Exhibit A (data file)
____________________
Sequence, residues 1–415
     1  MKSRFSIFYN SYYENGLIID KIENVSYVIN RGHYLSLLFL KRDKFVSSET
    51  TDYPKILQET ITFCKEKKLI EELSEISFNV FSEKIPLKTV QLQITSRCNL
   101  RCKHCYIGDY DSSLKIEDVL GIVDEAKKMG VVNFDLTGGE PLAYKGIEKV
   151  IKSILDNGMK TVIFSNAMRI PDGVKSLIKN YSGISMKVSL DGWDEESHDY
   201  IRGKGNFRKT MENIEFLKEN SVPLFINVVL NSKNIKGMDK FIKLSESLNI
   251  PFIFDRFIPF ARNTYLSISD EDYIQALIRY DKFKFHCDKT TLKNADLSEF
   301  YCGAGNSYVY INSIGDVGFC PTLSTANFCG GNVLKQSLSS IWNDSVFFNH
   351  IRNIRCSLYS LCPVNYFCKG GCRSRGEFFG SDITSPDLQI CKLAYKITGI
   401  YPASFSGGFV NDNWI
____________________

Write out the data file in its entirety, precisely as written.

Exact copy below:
Sequence, residues 1–415
     1  MKSRFSIFYN SYYENGLIID KIENVSYVIN RGHYLSLLFL KRDKFVSSET
    51  TDYPKILQET ITFCKEKKLI EELSEISFNV FSEKIPLKTV QLQITSRCNL
   101  RCKHCYIGDY DSSLKIEDVL GIVDEAKKMG VVNFDLTGGE PLAYKGIEKV
   151  IKSILDNGMK TVIFSNAMRI PDGVKSLIKN YSGISMKVSL DGWDEESHDY
   201  IRGKGNFRKT MENIEFLKEN SVPLFINVVL NSKNIKGMDK FIKLSESLNI
   251  PFIFDRFIPF ARNTYLSISD EDYIQALIRY DKFKFHCDKT TLKNADLSEF
   301  YCGAGNSYVY INSIGDVGFC PTLSTANFCG GNVLKQSLSS IWNDSVFFNH
   351  IRNIRCSLYS LCPVNYFCKG GCRSRGEFFG SDITSPDLQI CKLAYKITGI
   401  YPASFSGGFV NDNWI